I don't wear advertizement shirts. If you ever are in a situation where you use your firearm, The bad guy or their relative might take you to civil court and use your shirt to strip you of all your possessions. They would say you were just itching for a chance to blast someone whether or not they really needed it. A jury may agree with them. Without the shirt, they wouldn't have much of a case. "Kill them all and let God sort them out" is especially not a good shirt to wear.

Last edited by DannyB1954; July 29, 2014 at 10:33 AM.
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Old July 29, 2014, 10:33 AM   #22
MtnCreek
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Quote:
I also wear a NRA hat every once and awhile
If that's the black hat w/ gold lettering, I'm offended. That is the ugliest hat I own. I guess being offended is fashionable now.
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Old July 29, 2014, 10:57 AM   #23
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In AR, OC is currently "in flux," for lack of a better description. That said, I don't OC, except on very rare occasions (out on someone's farm, for example). I do wear my NRA hat from time to time, and I do own one of those "Keep Calm and Carry Guns" t-shirts. I just got it a couple of weeks ago, so I haven't worn it in public. Truth be told, the only public place I do plan to wear it is to the gun show.
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Old July 29, 2014, 11:37 AM   #24
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I recently bought a shoulder holster, to use when I just need to go pick up my wife or drop her and the kids off, no need for me to get out of the vehicle so I'd rather not change out of my shorts into pants. And since my apartment has no real exposure to any of my neighbors unless they are in their yards, I don't need any concealing garments.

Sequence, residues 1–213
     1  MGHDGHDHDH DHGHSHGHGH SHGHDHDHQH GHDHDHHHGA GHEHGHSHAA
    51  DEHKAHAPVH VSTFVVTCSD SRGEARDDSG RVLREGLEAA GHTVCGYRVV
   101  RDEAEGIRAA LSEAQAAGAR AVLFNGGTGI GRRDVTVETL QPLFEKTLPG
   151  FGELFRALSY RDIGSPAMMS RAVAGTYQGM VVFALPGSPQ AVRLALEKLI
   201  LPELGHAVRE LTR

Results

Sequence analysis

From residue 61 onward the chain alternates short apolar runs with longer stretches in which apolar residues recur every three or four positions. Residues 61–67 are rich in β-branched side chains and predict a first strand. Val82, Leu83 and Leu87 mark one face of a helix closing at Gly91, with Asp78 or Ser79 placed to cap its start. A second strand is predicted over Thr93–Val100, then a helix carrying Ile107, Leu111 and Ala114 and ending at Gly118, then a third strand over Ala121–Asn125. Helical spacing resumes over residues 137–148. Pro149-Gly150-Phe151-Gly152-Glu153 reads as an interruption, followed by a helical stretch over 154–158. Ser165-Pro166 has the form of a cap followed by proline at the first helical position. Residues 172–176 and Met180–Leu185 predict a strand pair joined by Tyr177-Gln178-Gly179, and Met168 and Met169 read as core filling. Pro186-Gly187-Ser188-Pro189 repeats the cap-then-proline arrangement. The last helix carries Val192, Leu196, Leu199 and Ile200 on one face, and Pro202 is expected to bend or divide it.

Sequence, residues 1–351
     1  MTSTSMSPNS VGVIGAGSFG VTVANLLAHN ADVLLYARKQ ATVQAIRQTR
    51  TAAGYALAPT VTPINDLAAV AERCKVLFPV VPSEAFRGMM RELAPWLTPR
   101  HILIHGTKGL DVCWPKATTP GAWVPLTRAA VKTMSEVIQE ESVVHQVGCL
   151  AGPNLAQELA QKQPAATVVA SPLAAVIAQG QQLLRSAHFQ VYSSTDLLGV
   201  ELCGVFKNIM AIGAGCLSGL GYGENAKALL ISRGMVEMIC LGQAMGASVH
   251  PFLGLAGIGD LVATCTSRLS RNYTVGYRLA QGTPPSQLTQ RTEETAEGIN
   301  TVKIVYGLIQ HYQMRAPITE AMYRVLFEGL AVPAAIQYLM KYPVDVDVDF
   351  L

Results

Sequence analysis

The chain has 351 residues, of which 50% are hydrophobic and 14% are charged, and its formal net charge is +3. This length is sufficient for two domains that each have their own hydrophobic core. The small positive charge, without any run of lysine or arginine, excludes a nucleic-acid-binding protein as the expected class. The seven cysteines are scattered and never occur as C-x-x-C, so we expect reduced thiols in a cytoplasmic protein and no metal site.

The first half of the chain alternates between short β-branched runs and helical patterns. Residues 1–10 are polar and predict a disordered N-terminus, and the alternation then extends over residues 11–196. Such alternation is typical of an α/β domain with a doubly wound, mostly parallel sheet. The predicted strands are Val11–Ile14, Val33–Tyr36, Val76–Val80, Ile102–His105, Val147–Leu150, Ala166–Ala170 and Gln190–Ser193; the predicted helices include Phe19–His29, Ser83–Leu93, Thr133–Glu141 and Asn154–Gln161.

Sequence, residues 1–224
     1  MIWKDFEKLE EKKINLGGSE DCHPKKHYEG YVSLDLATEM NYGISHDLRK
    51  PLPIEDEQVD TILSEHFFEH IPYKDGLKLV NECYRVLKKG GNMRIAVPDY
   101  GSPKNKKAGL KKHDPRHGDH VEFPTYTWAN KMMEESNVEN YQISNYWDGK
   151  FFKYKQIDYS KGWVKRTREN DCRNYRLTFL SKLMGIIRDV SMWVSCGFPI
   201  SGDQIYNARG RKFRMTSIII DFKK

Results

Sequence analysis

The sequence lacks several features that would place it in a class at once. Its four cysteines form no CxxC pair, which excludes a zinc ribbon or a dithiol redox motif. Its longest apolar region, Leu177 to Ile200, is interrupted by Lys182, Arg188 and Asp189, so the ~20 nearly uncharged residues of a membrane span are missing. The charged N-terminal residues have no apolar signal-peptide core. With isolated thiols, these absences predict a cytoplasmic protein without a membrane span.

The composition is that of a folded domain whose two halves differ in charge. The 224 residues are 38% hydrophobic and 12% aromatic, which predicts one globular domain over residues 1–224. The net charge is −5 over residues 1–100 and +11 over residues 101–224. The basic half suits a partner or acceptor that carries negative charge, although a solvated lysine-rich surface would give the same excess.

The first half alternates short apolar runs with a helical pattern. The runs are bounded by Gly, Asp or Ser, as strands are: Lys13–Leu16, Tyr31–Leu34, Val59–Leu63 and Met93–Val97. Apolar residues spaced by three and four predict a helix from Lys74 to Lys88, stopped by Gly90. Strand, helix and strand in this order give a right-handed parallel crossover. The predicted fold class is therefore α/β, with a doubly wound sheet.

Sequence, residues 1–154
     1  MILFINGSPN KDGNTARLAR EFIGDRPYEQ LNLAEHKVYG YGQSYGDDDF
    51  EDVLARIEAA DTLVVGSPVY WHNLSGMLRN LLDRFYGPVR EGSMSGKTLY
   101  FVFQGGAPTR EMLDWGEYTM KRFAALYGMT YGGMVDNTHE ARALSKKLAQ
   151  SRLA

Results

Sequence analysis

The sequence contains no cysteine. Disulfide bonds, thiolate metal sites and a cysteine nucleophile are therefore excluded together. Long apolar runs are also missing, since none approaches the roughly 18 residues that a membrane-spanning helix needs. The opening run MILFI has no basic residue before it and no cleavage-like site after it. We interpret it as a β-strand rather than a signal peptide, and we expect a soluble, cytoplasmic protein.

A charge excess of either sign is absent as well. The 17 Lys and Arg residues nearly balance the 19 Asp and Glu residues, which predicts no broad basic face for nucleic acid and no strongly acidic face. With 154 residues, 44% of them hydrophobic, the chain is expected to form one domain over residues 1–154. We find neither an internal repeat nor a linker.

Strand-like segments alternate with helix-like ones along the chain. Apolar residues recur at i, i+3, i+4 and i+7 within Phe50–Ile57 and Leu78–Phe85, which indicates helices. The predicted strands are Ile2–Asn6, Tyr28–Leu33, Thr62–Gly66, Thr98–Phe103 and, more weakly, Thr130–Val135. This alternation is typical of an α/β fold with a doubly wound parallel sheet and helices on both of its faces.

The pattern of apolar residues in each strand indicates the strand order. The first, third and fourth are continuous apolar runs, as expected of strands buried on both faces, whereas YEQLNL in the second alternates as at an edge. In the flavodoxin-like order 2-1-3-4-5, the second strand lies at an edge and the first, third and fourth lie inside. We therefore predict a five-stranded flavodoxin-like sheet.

Two weeks ago, the youngest of my stepkids, 8 yrs old, asked me 'Why do you carry your gun everywhere?' I gave the usual answer "Because I want to protect those whom I love". I waited a day or two to ask her if my carrying bothered her, and it turns out it does. Her reason: "Someone might hurt you because they can see your gun."

Not a lot of 8 yr olds can correctly arrive at that possible outcome. Sure, they can predict what will happen if they deliberately disobey, or misbehave, but this is different. And for her, I promised not to carry openly.
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Old July 30, 2014, 01:53 AM   #25
JimmyR
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When I read the OP, despite the inflamatory language, I think the biggest part I contend with is the idea of advertising gun possession while carrying concealed appears to be a contradiction. If the purpose of concealing a weapon is to appear as though you don't have a weapon, why wear a shirt that works against that purpose?